When art imitates IT

While the term installation is typically reserved for things like ERP, the Massachusetts Institute of Technology Museum is giving it new meaning. The museum is treating technology the same way the Guggenheim would treat the latest work by Christo, Bill Viola or any other modern artist.

For US$5, visitors can spend a few hours walking through the galleries and seeing installations of artifacts from the history of information technology, artificial intelligence and MIT itself. Exhibits include the first LISP computer, which looks like the back of a small refrigerator spray-painted neon blue; Phantom, a computer interface that simulates the sense of touch; complex holograms; and even the air-tank pranksters used to inflate a weather balloon in the middle of the 1982 Harvard-Yale football game.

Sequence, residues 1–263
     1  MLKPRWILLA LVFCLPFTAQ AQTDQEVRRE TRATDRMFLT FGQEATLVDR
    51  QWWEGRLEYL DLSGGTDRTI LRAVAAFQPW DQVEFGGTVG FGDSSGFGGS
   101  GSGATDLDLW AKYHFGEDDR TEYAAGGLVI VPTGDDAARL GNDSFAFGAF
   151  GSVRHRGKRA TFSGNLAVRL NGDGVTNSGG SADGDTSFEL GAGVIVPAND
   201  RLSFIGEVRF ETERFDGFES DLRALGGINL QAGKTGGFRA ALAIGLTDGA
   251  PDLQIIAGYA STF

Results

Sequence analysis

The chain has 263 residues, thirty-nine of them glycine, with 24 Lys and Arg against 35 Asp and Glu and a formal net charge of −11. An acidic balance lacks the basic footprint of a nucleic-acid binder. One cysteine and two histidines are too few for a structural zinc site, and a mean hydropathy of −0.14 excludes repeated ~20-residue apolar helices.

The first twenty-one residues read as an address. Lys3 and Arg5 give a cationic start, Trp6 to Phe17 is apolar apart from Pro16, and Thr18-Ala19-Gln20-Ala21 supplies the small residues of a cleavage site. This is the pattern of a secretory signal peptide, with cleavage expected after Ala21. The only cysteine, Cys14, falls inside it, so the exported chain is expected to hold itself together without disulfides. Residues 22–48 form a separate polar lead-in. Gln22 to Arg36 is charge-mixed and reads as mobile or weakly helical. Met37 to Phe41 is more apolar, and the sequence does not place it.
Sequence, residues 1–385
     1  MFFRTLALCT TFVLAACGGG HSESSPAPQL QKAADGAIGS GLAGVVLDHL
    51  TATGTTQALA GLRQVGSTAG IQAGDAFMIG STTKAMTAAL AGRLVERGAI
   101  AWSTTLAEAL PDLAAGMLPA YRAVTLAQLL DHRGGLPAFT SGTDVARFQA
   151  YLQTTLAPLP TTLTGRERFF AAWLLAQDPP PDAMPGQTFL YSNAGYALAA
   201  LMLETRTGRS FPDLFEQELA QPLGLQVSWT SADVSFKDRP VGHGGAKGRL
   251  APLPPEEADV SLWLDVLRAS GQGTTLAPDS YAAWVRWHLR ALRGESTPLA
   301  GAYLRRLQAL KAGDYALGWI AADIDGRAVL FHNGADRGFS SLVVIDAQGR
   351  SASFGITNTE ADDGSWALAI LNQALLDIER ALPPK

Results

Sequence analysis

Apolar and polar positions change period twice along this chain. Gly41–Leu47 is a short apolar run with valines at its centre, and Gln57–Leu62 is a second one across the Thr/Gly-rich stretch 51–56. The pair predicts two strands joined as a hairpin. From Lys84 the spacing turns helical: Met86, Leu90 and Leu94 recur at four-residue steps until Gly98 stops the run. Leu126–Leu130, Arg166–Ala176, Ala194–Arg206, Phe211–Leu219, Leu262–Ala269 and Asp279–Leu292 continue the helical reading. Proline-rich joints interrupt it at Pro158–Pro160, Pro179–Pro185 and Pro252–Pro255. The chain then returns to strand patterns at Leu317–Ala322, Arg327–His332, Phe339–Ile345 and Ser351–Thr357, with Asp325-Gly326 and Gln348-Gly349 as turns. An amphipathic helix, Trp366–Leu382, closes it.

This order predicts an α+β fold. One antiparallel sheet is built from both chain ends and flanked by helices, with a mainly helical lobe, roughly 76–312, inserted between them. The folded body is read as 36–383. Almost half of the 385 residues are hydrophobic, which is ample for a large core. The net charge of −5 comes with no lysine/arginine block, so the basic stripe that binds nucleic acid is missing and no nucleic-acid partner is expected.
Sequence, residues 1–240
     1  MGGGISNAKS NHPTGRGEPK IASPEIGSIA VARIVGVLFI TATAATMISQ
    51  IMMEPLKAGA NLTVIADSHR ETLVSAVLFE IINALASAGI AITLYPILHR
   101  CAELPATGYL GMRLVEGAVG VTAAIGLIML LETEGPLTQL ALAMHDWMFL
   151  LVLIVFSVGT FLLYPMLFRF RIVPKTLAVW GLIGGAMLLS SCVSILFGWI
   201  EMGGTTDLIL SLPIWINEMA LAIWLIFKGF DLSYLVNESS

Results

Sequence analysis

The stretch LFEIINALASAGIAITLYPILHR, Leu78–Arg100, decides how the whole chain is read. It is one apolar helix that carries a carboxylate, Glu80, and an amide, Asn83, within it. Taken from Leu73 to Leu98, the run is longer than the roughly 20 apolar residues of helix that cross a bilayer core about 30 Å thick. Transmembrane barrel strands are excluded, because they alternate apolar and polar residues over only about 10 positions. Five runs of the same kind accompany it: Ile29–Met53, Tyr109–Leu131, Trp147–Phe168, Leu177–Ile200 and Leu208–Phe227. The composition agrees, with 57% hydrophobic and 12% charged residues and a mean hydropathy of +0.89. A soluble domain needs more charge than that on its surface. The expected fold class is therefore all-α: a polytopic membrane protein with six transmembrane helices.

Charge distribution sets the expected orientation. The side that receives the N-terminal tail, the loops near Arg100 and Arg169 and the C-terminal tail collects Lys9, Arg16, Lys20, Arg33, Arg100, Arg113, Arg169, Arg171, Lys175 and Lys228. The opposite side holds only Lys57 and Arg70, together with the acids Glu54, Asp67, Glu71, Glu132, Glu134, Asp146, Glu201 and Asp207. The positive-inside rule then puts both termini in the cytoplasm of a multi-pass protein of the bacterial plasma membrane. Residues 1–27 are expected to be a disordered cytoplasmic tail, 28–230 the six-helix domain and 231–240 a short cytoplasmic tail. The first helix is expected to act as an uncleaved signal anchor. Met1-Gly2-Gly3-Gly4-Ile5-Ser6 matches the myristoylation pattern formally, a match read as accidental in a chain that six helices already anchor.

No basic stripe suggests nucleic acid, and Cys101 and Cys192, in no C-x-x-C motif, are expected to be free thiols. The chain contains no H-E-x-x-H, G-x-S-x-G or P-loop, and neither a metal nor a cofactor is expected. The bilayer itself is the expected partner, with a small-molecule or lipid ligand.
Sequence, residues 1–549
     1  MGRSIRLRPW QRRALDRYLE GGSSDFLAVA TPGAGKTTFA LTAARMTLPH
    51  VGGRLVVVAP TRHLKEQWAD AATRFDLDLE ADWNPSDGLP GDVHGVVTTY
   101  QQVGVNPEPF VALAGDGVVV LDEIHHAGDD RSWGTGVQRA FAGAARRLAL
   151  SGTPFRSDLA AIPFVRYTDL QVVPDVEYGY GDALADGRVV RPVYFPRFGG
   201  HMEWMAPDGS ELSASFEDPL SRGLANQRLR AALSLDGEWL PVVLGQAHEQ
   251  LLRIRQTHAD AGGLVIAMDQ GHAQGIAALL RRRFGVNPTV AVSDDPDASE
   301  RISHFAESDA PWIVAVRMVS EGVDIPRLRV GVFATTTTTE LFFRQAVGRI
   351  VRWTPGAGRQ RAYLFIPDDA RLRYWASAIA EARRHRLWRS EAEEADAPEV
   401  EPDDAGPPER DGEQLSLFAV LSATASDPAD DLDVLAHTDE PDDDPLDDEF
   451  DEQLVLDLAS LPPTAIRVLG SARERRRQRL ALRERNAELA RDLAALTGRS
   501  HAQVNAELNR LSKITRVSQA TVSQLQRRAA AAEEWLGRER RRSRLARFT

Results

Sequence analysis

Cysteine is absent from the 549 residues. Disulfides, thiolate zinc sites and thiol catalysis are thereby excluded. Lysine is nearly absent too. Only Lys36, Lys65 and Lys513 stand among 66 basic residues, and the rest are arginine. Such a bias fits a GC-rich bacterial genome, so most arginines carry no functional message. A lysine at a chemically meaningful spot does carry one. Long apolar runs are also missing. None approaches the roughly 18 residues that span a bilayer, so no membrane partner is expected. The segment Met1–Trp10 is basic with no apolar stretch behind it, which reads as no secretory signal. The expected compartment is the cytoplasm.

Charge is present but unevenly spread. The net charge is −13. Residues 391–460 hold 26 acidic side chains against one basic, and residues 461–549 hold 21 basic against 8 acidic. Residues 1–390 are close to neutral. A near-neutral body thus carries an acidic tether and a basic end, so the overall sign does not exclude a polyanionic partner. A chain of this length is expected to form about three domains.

The one knock is that visitors don’t get to interact with the exhibits. This especially takes away from the artificial intelligence section of the museum. Reading about and seeing a video on Kismet, a robot whose facial expression changes based on the tone of voice of the person speaking to it, and then seeing the actual doll protected from all human sounds by two-inch-thick glass is downright frustrating. Maybe that’s payback for all the teasing that curators and artists took in high school.